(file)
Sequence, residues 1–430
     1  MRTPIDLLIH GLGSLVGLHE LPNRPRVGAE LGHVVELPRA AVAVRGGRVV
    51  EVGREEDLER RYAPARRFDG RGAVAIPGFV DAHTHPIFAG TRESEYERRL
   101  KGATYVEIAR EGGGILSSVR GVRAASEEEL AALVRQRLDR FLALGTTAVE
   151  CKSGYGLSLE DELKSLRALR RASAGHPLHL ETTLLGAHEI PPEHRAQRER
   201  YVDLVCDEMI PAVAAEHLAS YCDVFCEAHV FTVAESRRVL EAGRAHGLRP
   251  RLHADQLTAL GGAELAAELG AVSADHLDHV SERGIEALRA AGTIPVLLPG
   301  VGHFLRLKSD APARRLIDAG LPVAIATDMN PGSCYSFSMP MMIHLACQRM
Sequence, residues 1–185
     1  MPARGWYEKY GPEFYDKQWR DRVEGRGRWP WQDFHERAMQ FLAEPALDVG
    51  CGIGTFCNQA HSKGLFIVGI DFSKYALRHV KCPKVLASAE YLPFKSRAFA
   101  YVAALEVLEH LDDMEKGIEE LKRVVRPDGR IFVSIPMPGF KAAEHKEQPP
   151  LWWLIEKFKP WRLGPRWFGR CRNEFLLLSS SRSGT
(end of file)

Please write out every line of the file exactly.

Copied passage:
Sequence, residues 1–430
     1  MRTPIDLLIH GLGSLVGLHE LPNRPRVGAE LGHVVELPRA AVAVRGGRVV
    51  EVGREEDLER RYAPARRFDG RGAVAIPGFV DAHTHPIFAG TRESEYERRL
   101  KGATYVEIAR EGGGILSSVR GVRAASEEEL AALVRQRLDR FLALGTTAVE
   151  CKSGYGLSLE DELKSLRALR RASAGHPLHL ETTLLGAHEI PPEHRAQRER
   201  YVDLVCDEMI PAVAAEHLAS YCDVFCEAHV FTVAESRRVL EAGRAHGLRP
   251  RLHADQLTAL GGAELAAELG AVSADHLDHV SERGIEALRA AGTIPVLLPG
   301  VGHFLRLKSD APARRLIDAG LPVAIATDMN PGSCYSFSMP MMIHLACQRM
Sequence, residues 1–185
     1  MPARGWYEKY GPEFYDKQWR DRVEGRGRWP WQDFHERAMQ FLAEPALDVG
    51  CGIGTFCNQA HSKGLFIVGI DFSKYALRHV KCPKVLASAE YLPFKSRAFA
   101  YVAALEVLEH LDDMEKGIEE LKRVVRPDGR IFVSIPMPGF KAAEHKEQPP
   151  LWWLIEKFKP WRLGPRWFGR CRNEFLLLSS SRSGT